In addition, the law being the standard for justification rather than the receiving of the Spirit always leads to a “relaxing of the law” (Matt 5:19). Why? Because some dumbing down of the law as a replacement for true law-keeping for love, or faith working through love, always leads to neglect of the law and true love accordingly. Hence…

Galatians 2:17 – But if, in our endeavor to be justified in Christ, we too were found to be sinners, is Christ then a servant of sin? Certainly not! 18 For if I rebuild what I tore down, I prove myself to be a transgressor. 19 For through the law I died to the law, so that I might live to God…5:7 You were running well. Who hindered you from obeying the truth? 8 This persuasion is not from him who calls you…13 For you were called to freedom, brothers. Only do not use your freedom as an opportunity for the flesh, but through love serve one another. 14 For the whole law is fulfilled in one word: “You shall love your neighbor as yourself.” 15 But if you bite and devour one another, watch out that you are not consumed by one another.

The fulfillment of Moses’ law, the law of sin and death (Romans 8:2), cannot be fulfilled for justification, but said false gospel (Gal 1:6ff.) attempts to do so through mediation in addition to God. This always leads to a dumbing down of the law for purposes of justification. The traditions of men end up being a cloak for unrighteousness under the auspices of being friends of the law. Tradition fulfills the law as a standard for righteousness when the real standard for righteousness is the new birth resulting in the loving of God’s law for purposes of loving God and others, not justification. Justification is a finished work totally apart from the law of sin and death; the only work left is “faith working through love.”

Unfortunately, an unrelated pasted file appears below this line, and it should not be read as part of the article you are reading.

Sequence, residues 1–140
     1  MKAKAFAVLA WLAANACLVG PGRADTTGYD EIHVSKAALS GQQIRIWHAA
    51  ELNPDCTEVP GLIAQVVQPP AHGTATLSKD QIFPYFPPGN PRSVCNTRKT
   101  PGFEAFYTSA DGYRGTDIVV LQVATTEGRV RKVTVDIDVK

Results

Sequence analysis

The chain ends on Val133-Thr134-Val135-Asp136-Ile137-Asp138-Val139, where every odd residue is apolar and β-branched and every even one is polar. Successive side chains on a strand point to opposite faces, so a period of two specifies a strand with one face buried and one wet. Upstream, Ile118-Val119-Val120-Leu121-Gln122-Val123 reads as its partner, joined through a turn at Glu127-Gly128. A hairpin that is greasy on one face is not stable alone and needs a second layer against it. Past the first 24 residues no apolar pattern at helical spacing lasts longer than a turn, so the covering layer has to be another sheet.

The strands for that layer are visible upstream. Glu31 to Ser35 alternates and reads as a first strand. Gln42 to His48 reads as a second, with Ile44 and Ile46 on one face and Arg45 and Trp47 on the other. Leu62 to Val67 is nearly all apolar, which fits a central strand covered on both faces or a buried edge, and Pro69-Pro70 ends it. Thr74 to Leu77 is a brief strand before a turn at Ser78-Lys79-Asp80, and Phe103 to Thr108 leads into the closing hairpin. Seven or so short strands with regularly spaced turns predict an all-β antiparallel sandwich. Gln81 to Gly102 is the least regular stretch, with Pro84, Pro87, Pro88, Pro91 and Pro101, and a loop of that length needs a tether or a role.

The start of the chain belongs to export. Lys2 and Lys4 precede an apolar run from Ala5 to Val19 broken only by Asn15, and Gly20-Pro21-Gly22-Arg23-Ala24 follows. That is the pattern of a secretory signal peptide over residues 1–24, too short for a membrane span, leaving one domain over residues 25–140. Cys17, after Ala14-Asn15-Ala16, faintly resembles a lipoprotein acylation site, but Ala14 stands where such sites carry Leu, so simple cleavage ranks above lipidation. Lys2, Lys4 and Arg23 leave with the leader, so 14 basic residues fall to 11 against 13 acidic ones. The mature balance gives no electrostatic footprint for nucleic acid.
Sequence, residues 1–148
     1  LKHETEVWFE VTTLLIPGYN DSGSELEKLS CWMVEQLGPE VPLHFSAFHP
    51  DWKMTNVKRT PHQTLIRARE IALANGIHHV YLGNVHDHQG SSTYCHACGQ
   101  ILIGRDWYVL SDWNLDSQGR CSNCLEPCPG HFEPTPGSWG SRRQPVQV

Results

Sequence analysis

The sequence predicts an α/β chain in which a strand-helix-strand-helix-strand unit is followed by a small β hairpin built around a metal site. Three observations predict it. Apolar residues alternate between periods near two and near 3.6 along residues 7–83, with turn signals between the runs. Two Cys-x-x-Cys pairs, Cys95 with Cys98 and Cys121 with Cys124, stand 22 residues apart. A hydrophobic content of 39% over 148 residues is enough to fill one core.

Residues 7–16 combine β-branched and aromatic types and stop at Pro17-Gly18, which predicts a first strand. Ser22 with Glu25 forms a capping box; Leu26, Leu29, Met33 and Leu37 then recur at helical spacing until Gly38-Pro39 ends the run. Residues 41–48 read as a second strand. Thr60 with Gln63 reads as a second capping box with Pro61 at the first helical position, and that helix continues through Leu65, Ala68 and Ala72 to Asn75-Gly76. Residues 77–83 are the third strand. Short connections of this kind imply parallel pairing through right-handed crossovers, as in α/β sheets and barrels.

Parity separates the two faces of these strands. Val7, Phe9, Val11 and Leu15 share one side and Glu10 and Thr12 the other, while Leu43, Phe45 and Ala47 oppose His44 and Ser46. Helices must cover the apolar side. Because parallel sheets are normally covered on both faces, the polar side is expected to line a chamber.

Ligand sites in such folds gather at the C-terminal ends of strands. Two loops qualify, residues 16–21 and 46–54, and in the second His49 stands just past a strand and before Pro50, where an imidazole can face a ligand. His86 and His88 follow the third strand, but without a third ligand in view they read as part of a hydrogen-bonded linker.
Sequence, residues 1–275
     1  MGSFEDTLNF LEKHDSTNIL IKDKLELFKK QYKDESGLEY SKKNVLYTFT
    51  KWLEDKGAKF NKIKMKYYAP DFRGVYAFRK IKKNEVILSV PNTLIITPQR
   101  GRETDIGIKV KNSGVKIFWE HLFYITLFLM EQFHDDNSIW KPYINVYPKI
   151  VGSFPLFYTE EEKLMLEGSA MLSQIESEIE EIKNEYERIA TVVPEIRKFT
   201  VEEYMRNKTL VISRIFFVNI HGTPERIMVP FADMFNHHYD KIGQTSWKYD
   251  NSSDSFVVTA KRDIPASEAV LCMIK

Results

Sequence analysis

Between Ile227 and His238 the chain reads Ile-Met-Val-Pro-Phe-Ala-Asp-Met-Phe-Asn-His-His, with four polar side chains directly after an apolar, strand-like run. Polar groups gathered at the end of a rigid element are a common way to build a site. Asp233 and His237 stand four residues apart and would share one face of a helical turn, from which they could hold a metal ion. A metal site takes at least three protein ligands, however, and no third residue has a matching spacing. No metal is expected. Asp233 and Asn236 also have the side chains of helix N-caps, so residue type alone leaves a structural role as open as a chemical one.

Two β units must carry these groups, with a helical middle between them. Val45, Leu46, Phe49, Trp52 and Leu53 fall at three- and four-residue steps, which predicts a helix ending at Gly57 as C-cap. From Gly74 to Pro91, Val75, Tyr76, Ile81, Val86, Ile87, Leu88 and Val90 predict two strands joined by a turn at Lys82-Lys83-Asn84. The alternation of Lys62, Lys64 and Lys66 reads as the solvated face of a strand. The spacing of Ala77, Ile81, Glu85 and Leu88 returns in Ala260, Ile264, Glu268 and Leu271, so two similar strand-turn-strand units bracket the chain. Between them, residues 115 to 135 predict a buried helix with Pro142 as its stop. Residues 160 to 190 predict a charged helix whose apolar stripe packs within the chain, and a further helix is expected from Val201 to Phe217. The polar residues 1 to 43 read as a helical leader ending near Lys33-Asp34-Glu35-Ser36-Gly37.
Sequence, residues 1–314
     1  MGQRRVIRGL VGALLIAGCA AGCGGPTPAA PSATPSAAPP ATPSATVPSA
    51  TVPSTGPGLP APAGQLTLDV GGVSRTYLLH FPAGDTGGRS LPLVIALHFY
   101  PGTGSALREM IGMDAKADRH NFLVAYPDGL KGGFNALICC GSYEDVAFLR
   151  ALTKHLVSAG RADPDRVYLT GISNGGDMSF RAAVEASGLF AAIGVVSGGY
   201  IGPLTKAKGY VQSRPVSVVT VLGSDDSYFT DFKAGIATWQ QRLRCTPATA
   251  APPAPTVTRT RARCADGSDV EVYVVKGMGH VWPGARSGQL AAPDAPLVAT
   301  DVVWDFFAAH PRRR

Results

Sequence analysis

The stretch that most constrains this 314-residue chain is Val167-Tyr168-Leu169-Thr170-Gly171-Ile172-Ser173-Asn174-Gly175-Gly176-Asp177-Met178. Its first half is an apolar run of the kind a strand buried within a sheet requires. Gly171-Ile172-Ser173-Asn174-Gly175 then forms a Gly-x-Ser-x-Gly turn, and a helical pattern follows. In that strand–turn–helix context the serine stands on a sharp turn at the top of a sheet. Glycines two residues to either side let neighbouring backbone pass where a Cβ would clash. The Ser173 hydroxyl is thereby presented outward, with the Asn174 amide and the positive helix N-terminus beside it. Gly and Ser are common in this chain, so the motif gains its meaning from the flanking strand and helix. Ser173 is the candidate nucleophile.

Sure, we don’t do that perfectly, but in regard to justification, so what? The motives of those born of God are love because part and parcel with the new birth is a love for the truth (2Thess 2:10). The law’s ability to condemn was ended by Christ (Rom 10:4) and where there is no law there is NO sin (Rom 4:15). If you now say: “So, the law is the Spirit’s law, and for those who are under law, He uses it to condemn them, but to those who have received Him, He uses it to lead them”; you rightly assess with an additional caveat…Moses’ law of sin and death, while being a ministry of death, still serves the same purpose for New Testament unbelievers as it did for Old Testament believers, that is, it holds sin captive until they believe in Christ, then their sins are ended along with the law that the old them was under, but one who is dead is no longer under the jurisdiction of law that can condemn6 (Romans 7:1-6). Those who receive the Spirit are now free to “serve another” (Rom 6:6). The “new life of the Spirit” enables us to fulfill the law in our acts of love (Rom 8:1-8). The apostle Paul develops these same ideas as we move along in Galatians 3.

Galatians 3:7 –  Know then that it is those of faith who are the sons of Abraham. 8 And the Scripture, foreseeing that God would justify the Gentiles by faith, preached the gospel beforehand to Abraham, saying, “In you shall all the nations be blessed.” 9 So then, those who are of faith are blessed along with Abraham, the man of faith.